WHRY Funds Studies on Stroke, Endometrial Cancer, and Addiction to Opioids
Women’s Health Research at Yale today announced funding for three studies investigating sex differences in stroke, endometrial cancer, and alternate pain relief for women recovering from past opioid use who are giving birth via cesarean section.
Yale Scientists Identify Genetic Risk Factors for Opioid Use and Related Substance Use Disorders
A new human genomics study led by Yale scientists has identified genetic risk factors for opioid use disorder (OUD) and related substance use disorders according to a new large-scale genome-wide association study – increasing the number of risk genes known from 1 to 19.
Le Zhang, PhD Wins Avenir Award for Research on Substance Use Disorders and HIV/AIDS
Assistant Professor Le Zhang, PhD was recently awarded a DP2 grant from the National Institutes of Health (NIH), entitled “Immune Network Dysregulation of the Central Nervous System with HIV Persistence and Opioid Abuse.” The grant, which amounts to more than $2.5 million, began on May 15, 2022 and lasts for four years.
Patients with Opioid Use Disorder Treated in Emergency Departments Shed Light on Their Unmet Needs and Opportunities to Improve Care in Yale-Led Study Published in JAMA Network Open
To better understand the experiences of patients with OUD on receiving care in the ED and to identify opportunities to improve care, Yale researchers led a collaboration with New York University, John’s Hopkins University, University of Cincinnati, Mount Sinai Hospital in New York, and the University of Washington. Between June 2018 and January 2019. They conducted focus groups with ED patients across six academic, community, and public safety net EDs in Baltimore, MD, Cincinnati, OH, New York City, NY, Seattle, WA and Claremont, NH, as part of two NIDA Clinical Trials Network studies.
Stressed Out and Locked-Down During Pandemic, New Yorkers Craved Alcohol, YSPH Study Finds
As New York state’s lockdown orders wore on in the early months of the COVID-19 pandemic, residents increasingly felt cravings for alcohol — and reported subsequently misusing it, a new study from scientists at the Yale School of Public Health and Stony Brook University has found.
Here’s how Connecticut can move beyond the harm of the War on Drugs
In the 1990s, then-Senator Joe Biden and others pushed a War on Drugs, a war that had a tremendous negative impact on our state. Prison populations soared; over a third of young men of color were under criminal justice supervision; and drug use and attendant public health consequences proceeded unabated.Source: CT Mirror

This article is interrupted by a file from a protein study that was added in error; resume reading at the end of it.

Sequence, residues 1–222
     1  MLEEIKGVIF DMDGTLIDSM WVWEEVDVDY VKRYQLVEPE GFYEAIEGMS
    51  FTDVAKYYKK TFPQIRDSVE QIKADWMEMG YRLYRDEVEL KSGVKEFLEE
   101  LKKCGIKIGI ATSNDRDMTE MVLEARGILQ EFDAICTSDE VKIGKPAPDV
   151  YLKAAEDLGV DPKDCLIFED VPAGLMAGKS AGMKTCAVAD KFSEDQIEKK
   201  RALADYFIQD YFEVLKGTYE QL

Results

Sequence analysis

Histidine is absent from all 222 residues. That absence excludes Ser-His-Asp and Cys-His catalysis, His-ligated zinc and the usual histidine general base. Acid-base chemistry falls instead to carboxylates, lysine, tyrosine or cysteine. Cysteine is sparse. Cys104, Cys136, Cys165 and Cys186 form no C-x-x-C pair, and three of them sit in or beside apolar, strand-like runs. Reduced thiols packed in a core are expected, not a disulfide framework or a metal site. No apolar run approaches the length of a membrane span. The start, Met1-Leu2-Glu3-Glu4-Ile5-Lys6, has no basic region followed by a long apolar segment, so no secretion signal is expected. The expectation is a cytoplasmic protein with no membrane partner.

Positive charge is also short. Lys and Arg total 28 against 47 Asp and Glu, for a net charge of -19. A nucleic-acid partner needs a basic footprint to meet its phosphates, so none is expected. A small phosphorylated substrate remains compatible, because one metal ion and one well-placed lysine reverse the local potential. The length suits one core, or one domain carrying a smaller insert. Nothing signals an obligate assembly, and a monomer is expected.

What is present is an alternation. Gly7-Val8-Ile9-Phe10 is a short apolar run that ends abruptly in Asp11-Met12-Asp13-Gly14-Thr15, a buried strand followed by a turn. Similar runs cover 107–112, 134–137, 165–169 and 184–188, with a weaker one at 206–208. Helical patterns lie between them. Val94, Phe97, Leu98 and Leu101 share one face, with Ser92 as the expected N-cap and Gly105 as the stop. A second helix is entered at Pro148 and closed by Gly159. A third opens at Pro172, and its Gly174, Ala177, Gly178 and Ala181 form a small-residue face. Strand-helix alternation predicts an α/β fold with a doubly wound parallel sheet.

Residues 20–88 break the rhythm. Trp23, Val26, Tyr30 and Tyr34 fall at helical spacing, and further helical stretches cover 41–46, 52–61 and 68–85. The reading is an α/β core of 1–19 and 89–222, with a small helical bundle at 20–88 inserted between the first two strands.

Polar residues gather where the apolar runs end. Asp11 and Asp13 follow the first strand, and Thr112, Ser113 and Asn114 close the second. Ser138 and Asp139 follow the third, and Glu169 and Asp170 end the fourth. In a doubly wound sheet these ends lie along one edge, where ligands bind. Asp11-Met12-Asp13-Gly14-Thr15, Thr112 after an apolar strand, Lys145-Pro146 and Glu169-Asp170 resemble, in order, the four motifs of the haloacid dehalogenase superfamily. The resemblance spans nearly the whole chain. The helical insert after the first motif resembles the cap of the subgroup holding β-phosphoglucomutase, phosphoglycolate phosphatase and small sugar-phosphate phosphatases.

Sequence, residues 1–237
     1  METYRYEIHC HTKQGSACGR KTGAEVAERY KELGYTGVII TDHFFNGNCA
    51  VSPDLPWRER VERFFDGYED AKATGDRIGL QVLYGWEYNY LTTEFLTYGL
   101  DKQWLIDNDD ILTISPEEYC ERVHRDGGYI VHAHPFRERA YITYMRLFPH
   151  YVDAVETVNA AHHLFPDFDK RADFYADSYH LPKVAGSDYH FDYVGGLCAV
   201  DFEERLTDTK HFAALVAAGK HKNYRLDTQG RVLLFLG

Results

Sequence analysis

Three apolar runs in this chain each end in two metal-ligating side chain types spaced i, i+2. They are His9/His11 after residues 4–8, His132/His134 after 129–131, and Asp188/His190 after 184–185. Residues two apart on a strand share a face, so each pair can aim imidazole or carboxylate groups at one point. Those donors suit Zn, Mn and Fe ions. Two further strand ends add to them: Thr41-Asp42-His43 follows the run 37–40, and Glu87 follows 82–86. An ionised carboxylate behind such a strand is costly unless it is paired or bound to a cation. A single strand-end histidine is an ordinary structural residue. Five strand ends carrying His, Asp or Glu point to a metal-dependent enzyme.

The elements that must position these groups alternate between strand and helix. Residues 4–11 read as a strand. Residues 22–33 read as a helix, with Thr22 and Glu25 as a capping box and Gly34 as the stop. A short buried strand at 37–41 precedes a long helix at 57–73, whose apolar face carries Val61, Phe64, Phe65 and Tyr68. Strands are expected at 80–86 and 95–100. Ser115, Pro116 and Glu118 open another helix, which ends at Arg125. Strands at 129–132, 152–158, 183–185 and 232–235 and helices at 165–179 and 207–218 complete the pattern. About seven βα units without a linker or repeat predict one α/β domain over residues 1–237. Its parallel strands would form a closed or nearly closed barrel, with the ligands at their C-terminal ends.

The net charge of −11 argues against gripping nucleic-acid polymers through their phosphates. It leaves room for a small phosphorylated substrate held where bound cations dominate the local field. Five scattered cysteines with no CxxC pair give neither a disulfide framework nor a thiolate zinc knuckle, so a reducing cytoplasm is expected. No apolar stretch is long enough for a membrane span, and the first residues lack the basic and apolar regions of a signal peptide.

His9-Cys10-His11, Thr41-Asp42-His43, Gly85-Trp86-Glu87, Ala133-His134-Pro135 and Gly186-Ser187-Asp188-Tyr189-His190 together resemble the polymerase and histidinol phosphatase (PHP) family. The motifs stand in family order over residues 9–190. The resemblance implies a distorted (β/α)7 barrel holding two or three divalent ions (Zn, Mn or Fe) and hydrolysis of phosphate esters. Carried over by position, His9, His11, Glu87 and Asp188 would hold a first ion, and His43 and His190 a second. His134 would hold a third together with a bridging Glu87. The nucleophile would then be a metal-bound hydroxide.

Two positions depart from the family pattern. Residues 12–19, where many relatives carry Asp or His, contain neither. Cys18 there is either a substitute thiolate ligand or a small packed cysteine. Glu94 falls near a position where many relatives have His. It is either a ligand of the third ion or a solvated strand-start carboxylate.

Pandemic-based Approach to Methadone Treatment Restrictions Should Remain, YSPH Study Finds
When the COVID-19 pandemic ripped through New England and the rest of the United States in early 2020, substance use disorder treatment centers were forced to make massive changes to minimize the spread of coronavirus.
The Overdose Crisis: Harm Reduction in U.S. Health Policy
On May 20, Yale’s Department of Internal Medicine and Program in Addiction Medicine hosted its first event on Clubhouse, a social networking app that allows members to gather in audio chat rooms and discuss issues in a live podcast style. The event focused on the drug overdose in the United States and incorporation of harm reduction into U.S. health policy and practice.
WHRY Funds Studies on Heart Disease, Insomnia, and Pain
Women’s Health Research at Yale today announced funding for three new studies investigating a method for improving the diagnosis of heart disease in women, a therapy for clinically significant sleep disruption common in Black women, and the influence of biological sex on the underlying brain patterns that link pain and opioid use.
Addiction Psychiatry Division Will Participate in Consortium to Develop New Treatment Tools for Addiction
Yale School of Medicine’s Division of Addiction Psychiatry will participate in a consortium funded by a multimillion-dollar federal grant that will attempt to develop new treatment tools for addiction.
Op-Ed: Yale study on lung disease forecasts dire consequences for flavor bans
A new study from Yale School of Public Health should serve as a warning to e-cigarette opponents and public health officials pushing e-cigarette flavor bans and restrictions around the country. The Yale research revealed that higher levels of e-cigarette and marijuana use did not result in higher rates of e-cigarette or vaping-related lung injuries (EVALI). EVALI made headlines during 2019 and was responsible for at least 2,800 hospitalizations and 68 deaths.Source: The Center Square
Large Genetic Study Expands Links Between DNA Variations and Problematic Drinking
A genome-wide analysis of over 435,000 individuals of European ancestry has revealed 19 new locations in the human genome where common DNA variations significantly raise risk for problematic drinking. It also linked pathological drinking with elevated risk of many psychiatric disorders, including depression and schizophrenia.Source: Brain & Behavior Research Foundation